Thick-provisioned VMs on vSAN detected on vSAN-health check
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Thick-provisioned VMs on vSAN detected on vSAN-health check


Article ID: 326904


Updated On:


VMware vSAN


This health alarm is flagged because vSAN has detected thick-provisioned VMs even though the applied vSAN storage policy has object space reservation set to 0 (Thin-provisioned). It is recommended to reclaim the underlying storage from 'Thick' to 'Thin' which will improve storage utilization.

This health alarm will not check VMs deployed by ESX Agent Manager (EAM) as most of the VMs deployed as thick-provisioned by default or VMs with disabled tasks (vm.disabledMethod), for example, NSX Controllers.


vSAN online health check reports warning for thick disks provisioned on virtual machines.


VMware vSAN 6.7.x
VMware vSAN 8.0.x
VMware vSAN 7.0.x


This may be caused by the VMs being backed up from a SAN and restored to vSAN, regular storage vMotion shall always provision VMs with thin disks.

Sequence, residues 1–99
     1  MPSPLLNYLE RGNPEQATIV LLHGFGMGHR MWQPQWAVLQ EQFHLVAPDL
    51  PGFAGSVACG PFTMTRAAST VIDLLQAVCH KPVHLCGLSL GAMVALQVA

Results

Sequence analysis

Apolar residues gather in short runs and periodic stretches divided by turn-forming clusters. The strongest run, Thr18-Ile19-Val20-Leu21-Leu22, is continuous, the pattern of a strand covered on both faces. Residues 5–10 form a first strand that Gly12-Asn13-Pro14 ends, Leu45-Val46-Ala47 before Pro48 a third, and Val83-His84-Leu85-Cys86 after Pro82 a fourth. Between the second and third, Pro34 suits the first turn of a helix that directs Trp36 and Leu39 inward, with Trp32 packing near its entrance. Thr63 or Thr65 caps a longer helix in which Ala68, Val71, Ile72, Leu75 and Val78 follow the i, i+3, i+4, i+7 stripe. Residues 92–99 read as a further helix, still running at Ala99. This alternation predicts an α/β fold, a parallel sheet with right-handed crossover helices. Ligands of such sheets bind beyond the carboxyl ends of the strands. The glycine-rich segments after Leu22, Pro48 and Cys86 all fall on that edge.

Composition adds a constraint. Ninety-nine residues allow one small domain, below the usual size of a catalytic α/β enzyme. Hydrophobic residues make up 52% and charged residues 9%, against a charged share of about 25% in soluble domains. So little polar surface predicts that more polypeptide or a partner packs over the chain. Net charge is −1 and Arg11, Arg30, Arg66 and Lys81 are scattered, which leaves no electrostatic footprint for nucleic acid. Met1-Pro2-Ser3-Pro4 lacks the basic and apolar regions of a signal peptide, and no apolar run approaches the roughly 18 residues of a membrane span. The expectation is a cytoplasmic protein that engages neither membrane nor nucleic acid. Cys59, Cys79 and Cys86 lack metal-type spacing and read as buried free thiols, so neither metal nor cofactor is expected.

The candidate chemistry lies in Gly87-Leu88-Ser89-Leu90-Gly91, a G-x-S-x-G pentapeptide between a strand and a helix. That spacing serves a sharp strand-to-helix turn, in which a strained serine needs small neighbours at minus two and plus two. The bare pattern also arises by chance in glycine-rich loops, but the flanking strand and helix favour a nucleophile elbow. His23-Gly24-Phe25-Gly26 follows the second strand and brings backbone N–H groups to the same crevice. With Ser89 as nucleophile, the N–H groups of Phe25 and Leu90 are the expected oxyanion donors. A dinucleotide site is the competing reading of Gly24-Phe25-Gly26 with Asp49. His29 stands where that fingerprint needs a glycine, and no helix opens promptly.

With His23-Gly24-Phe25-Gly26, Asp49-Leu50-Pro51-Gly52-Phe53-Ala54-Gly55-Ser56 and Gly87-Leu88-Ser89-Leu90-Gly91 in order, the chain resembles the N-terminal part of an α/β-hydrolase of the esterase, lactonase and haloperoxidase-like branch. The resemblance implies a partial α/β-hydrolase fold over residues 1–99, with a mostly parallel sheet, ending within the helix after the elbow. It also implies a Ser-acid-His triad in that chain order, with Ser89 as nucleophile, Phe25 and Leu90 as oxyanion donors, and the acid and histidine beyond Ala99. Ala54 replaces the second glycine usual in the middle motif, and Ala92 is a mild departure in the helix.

If the VM should be using "Thick provisioning", please apply a Storage Policy to the VM with the vSAN option "Object space reservation" set to 100 (Thick provisioning).

    If the VM should be using "Thin provisioning", see the workarounds below.


    Option 1:

    Schedule downtime for the VM and perform a clone within the vSAN datastore. The newly created destination VM should have thin VMDK(s). A back up is recommended as best practice.

    It is recommend to perform a final check on the cloned VM and then delete the older respective VM from vSAN datastore, which should auto reclaim space upon deletion.

    Option 2:

    Perform a sVmotion of the VM to a regular SAN (VMFS or NFS) or another vSAN datastore and then back again to the original vSAN datastore. See Migrating Virtual Machines with svmotion or more information.

    Additional Information

    If the VMs should be in "Thick provisioning", there will be higher vSAN datastore usage.